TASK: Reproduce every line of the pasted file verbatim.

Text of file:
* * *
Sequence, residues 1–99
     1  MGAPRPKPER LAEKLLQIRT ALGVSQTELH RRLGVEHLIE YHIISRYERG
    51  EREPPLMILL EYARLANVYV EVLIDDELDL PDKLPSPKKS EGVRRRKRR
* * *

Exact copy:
Sequence, residues 1–99
     1  MGAPRPKPER LAEKLLQIRT ALGVSQTELH RRLGVEHLIE YHIISRYERG
    51  EREPPLMILL EYARLANVYV EVLIDDELDL PDKLPSPKKS EGVRRRKRR